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Manston Airport for Holiday or Business Flights: Leisure and Freight Fly via Kent’s International Airport

There is more than 90 years of aviation history behind the airport at Manston, near Ramsgate. The air field was constructed during the first world war, around 1917, and was a military air base until 1999. Civil aviation from Manston began in 1935 along side Royal Air Force requirements. The RAF left the air field and it became a solely civilian airport in 1999 when in was bought by Wiggins, a construction company who are no longer in business.

The Cargo of Kent’s International Airport

It is freight which is landing and taking off along the runway every day. In 2018 it handled 33 tonnes of but Infratil Airports, who currently own the airport, is set on expansion and expect freight to treble in 2019. The expansion plans are to make the most of linking with the Ramsgate ferry port and the improved road network.

Light Aircraft, the Red Arrows and Flying Lessons

Manston is a convenient stop of point for many aircraft because it is close to the coast and Europe, although, being surrounded by sea in three directions does mean that it can be quite windy. It is ideal place for those people who love to spot aircraft. The Red Arrows display team frequently land here in the summer months when they take part in coastal air shows.

Because it is not a busy airport it is also an ideal location from which to take flying lessons or fly experiences. These are offered by a number of businesses. Thanet Flying Club, known as TG Aviation, is also based at Manston.

Passengers at the Kent International Airport

In 2019 flights were available to Jersey and for package holidays across Europe, this was on a small scale. Infratil’s Master Plan is to expand flights with a record number of one million passengers expected in 2020 and for this to double by 2020. The airport owners believe they can achieve this because of a number of attractive features to travelling via Manston in comparison with Heathrow or other busy airports:

  • Easy to reach by road and rail;
  • Cheap car parking close to the terminal building;
  • A long, wide run way which is suitable for most aircraft;
  • A small terminal which is not too busy means passengers can be processed quickly on departure and arrival.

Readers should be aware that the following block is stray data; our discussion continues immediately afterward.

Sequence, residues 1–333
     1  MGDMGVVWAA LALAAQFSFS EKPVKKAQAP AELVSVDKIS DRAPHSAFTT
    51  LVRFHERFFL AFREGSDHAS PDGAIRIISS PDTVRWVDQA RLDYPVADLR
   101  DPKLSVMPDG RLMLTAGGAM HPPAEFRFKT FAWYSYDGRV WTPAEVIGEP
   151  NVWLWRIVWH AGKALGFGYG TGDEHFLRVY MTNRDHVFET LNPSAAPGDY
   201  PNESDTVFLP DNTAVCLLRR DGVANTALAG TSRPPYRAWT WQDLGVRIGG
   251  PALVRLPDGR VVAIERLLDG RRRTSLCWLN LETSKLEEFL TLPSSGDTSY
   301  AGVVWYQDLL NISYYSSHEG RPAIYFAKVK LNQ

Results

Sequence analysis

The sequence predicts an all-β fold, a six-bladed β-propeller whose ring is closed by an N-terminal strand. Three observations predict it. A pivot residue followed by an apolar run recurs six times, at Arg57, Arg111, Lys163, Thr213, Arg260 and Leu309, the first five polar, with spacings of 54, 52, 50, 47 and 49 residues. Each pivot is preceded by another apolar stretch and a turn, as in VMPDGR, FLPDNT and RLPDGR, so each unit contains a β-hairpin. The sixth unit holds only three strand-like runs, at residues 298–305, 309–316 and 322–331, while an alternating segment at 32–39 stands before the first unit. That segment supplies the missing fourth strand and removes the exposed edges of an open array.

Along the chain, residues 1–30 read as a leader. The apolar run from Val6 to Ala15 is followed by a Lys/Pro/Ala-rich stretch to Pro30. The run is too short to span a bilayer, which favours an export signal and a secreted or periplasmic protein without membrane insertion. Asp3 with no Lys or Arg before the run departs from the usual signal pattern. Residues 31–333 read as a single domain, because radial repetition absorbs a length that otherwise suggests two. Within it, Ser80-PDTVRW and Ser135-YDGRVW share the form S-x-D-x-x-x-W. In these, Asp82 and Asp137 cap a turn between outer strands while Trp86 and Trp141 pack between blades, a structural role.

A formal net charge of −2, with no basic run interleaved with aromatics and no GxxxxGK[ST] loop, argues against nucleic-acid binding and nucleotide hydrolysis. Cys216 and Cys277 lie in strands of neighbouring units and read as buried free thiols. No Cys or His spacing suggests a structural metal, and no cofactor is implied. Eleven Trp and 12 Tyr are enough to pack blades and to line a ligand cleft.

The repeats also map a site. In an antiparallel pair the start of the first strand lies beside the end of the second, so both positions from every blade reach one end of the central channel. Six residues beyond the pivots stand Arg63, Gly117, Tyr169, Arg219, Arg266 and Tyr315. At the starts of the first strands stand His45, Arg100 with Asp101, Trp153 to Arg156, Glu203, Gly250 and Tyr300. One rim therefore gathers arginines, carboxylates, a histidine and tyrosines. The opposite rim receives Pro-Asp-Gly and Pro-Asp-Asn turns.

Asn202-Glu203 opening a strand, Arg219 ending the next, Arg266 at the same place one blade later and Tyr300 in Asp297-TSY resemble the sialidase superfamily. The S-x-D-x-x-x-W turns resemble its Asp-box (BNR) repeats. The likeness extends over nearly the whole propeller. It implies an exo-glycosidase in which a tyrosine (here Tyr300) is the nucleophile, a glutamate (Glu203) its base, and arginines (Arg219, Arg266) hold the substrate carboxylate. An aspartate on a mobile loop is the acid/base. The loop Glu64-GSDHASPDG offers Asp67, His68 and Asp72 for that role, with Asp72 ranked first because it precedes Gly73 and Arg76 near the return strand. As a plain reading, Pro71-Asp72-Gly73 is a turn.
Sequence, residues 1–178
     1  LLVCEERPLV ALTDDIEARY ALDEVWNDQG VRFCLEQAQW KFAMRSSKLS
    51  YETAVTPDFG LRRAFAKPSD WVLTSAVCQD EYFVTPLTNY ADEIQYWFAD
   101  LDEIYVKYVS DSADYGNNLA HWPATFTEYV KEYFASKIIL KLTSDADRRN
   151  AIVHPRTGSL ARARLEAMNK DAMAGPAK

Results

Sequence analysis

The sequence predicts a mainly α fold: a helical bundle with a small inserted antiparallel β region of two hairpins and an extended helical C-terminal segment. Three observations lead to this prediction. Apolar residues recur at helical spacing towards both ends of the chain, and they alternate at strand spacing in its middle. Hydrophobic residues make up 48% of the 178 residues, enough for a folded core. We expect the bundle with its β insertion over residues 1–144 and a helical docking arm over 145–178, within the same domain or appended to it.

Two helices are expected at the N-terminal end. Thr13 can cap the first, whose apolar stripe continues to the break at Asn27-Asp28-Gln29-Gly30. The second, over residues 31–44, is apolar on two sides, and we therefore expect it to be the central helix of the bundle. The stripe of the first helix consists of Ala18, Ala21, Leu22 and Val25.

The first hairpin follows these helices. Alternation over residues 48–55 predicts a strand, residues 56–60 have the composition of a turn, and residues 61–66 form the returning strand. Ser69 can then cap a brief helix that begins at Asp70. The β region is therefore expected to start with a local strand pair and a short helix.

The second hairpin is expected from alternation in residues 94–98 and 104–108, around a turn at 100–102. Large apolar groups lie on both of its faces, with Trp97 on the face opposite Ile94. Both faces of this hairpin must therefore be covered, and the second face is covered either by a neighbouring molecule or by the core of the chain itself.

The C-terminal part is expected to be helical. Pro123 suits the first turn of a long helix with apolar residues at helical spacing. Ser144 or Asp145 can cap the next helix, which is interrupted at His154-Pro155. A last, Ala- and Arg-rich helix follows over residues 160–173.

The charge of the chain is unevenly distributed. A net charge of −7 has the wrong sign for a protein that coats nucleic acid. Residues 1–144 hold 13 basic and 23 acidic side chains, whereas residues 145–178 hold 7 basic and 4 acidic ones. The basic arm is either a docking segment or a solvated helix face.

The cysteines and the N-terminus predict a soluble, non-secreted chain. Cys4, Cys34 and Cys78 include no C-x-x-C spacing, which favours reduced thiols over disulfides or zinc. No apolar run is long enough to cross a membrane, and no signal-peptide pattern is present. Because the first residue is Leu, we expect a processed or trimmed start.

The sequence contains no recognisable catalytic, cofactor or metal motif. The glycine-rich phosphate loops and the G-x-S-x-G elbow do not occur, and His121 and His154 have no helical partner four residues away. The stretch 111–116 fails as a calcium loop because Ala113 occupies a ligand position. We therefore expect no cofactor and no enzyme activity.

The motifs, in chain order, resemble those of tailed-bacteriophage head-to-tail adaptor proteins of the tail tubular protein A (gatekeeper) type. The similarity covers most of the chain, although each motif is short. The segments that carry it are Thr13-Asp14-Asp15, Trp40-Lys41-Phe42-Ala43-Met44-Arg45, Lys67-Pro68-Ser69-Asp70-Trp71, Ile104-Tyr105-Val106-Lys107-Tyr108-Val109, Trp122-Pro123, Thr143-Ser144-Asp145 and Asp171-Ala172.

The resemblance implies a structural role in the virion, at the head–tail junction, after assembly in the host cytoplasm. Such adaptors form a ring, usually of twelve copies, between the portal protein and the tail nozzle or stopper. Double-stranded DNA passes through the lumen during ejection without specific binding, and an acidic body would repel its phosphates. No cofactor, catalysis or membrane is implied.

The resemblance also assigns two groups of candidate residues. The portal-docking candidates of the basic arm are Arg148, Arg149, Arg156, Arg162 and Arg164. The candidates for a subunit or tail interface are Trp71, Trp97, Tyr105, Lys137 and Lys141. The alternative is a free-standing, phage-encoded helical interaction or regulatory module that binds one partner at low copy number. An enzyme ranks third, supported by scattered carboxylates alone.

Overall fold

Cheap Flights, Budget Travel and Package Holidays via Manston Airport, Kent

Package holiday flights for the masses began in the 1960’s and Manston airport was at the centre of this new business. Air Ferry started flying from Manston in 1962 and in its first year took more than 70,000 passengers, each year this number grew, in 1967 Air Ferry took 179,000 passengers to their holiday destinations. These people were being bought from far away by coach and were on the first package holidays. In 1965 competition at Manston emerged from Invicta Airways which eventually merged with British Midland in 1968.

Thanet was busy with international travellers in the 1960’s, in addition to aeroplanes, there were Ferries at Ramsgate Royal Harbour and the Hovercraft to Europe also left Ramsgate from the newly built Hoverport at Pegwell Bay. At the same time, most people still had their holidays within the British Isles. The seaside resorts of Ramsgate, Broadstairs and Margate were very popular with English families coming to stay in the many guest houses for a week or two.

Since the 1970’s and 80’s, with the growth of cheap package holidays abroad for the masses, the Isle of Thanet has suffered because its local economy relied heavily on tourism. In the 1970’s the package flights also moved from Manston to Heathrow and other airports.

The airport was banded London Manston only a few years ago and in 2004 a budget airline called EUJet launched a great number of regular services to British and European destinations. This was a financial disaster resulting in the failure of EUJet. Since then a number of companies have offered a modest number of flights from the airport, some with more success than others. Planned flights to and from Virginia in the U.S.A. had to be abandoned in 2018 for lack of bookings.